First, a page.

One thing I’ve learned after years of shopping for antiques is to always open up boxes and cases. Sometimes, the most delightful things are hidden away in a case that doesn’t look very impressive. Typewriters, binoculars, sets of silver flatware, and cameras are just some of the things you can find in boxes and cases. I opened a beat-up old leather camera case when I was at Gold Rush Days and found this beautiful antique camera from 1906 – the no. 10 folding pocket Ansco camera for just $20…
I found a description of the no, 10 Ansco camera from THIS website –
“The No. 10 Folding Pocket Ansco was manufactured by Ansco in circa 1906. This model was similar to the No. 9 Folding Pocket Ansco except that it featured rising-falling and swing front. Like the No. 9 it produced a large negative for landscapes and panel portrait work and making postcards. The camera was made of well-seasoned mahogany wood polished and covered in black seal grain leather. The metal parts are heavily nickel-plated and polished. It was fitted with a Rapid Symmetrical lens with a 6 1/2 inch focal length and an Ansco Automatic time and instantaneous shutter. Other features included a brilliant reversible finder, noiseless key winding, rack and pinion focusing, an improved spool-holding arrangement, the front allowed rising-falling and swing adjustments, and two tripod sockets. The camera was capable of capturing six or ten 3 1/2 x 5 1/2 inch exposures on Ansco no. 18A and 18B film or equivalent Kodak no. 122 roll film. An Ansco dry plate attachment holder was available as an option. The camera measures 2 1/2 x 4 3/4 x 9 3/4 inches and weighs 38 1/2 ounces. The No. 10 Folding Pocket Ansco camera was originally priced at around $25.00.”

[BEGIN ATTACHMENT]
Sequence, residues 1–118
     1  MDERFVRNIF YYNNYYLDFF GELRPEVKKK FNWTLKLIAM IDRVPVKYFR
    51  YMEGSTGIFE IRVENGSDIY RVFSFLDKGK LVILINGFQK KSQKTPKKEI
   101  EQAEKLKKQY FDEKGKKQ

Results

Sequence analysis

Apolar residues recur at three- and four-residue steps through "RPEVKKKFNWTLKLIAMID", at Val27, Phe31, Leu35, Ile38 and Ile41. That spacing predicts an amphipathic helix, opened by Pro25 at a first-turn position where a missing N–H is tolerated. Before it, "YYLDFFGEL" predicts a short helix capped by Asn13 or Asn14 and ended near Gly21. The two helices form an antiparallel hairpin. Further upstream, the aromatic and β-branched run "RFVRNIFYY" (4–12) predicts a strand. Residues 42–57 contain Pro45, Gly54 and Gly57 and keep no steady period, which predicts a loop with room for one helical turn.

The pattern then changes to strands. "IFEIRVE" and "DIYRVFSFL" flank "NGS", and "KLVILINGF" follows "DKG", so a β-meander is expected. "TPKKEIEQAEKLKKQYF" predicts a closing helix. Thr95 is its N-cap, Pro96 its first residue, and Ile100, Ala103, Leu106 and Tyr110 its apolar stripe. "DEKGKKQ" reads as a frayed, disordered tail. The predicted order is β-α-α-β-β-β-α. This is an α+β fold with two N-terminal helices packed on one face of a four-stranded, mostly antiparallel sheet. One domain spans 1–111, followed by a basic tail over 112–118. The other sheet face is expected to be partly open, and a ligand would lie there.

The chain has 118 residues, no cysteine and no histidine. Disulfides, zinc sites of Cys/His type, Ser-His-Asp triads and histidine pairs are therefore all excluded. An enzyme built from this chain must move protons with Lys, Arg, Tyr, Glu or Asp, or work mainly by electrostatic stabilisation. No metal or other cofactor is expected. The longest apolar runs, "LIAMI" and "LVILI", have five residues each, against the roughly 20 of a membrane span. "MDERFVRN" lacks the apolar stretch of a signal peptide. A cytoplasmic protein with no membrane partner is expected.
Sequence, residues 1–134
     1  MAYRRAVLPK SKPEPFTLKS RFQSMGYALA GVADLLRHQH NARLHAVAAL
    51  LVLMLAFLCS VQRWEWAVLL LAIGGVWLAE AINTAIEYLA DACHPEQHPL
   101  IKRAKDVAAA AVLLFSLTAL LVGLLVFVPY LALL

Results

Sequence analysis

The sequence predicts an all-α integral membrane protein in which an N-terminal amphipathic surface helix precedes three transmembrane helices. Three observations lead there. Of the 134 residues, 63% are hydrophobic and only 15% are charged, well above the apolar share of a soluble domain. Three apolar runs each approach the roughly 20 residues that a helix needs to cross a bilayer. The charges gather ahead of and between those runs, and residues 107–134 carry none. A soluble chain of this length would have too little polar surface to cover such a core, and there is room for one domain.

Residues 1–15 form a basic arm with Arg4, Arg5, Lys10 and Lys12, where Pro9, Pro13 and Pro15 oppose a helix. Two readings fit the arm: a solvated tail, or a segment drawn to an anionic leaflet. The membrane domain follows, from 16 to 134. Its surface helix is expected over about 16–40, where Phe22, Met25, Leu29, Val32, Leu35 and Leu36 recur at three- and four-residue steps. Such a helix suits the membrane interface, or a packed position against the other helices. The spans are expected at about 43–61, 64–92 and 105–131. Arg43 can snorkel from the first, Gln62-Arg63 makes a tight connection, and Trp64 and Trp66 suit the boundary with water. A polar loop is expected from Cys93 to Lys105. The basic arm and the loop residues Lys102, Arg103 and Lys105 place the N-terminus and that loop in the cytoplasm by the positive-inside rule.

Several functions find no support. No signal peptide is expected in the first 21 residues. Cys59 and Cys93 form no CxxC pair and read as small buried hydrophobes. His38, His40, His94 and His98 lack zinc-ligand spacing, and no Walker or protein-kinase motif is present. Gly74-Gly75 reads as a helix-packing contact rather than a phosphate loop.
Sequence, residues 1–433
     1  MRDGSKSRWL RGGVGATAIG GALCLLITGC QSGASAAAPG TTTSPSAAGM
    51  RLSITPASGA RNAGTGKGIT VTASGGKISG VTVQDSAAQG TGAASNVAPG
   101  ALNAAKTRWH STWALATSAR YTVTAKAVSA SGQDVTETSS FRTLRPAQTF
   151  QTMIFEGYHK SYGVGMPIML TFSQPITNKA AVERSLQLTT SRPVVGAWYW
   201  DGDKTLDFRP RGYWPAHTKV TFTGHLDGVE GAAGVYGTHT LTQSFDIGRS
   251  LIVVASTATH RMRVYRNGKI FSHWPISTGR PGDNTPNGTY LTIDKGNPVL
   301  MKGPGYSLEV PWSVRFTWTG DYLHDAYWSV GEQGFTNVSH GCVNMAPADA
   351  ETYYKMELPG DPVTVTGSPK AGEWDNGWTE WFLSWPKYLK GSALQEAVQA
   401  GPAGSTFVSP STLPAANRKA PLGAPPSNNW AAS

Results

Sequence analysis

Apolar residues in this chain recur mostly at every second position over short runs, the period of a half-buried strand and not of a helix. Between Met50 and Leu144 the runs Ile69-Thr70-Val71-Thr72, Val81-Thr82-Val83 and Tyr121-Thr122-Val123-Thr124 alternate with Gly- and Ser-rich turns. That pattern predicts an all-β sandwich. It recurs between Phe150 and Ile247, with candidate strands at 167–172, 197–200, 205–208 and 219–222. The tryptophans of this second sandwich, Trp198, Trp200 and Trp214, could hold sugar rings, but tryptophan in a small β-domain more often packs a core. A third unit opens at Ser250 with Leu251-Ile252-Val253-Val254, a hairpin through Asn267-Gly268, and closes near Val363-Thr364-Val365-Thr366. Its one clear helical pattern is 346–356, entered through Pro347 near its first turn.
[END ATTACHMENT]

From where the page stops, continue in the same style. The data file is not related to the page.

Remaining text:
It needs to be cleaned up a little bit, but it is a beautiful example of an antique folding camera. The shutter button even still works! After looking at other pictures of this model, I realized the front of the camera was twisted a little, so I turned it upright.
I think these old cameras are just so clever and are designed so beautifully. Of course, I’m thankful for the marvel that is an iPhone, but they can’t compare with the design aesthetic of these antique beauties.
My favorite part of this particular no. 10 Ansco camera is that the viewfinder still works! Can you see my easel through there? Most of the old cameras I’ve purchased over the years have had cloudy viewfinders, but this one is nice and clear. I find it fascinating to look through and think about all of the scenes that were framed in that viewfinder over 100 years ago.
I’ll get this cleaned up and then I plan on using it as decor in the basement family room.
If you’re in the market for an antique folding camera, I sourced a few nice ones on Etsy…